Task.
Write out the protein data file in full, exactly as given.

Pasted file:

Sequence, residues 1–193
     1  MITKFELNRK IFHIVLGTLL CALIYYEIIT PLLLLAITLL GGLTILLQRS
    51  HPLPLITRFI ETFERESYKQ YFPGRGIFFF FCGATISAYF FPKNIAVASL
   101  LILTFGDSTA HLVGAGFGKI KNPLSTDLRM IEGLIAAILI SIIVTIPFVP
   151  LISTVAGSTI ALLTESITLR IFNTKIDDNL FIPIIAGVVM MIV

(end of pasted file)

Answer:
Sequence, residues 1–193
     1  MITKFELNRK IFHIVLGTLL CALIYYEIIT PLLLLAITLL GGLTILLQRS
    51  HPLPLITRFI ETFERESYKQ YFPGRGIFFF FCGATISAYF FPKNIAVASL
   101  LILTFGDSTA HLVGAGFGKI KNPLSTDLRM IEGLIAAILI SIIVTIPFVP
   151  LISTVAGSTI ALLTESITLR IFNTKIDDNL FIPIIAGVVM MIV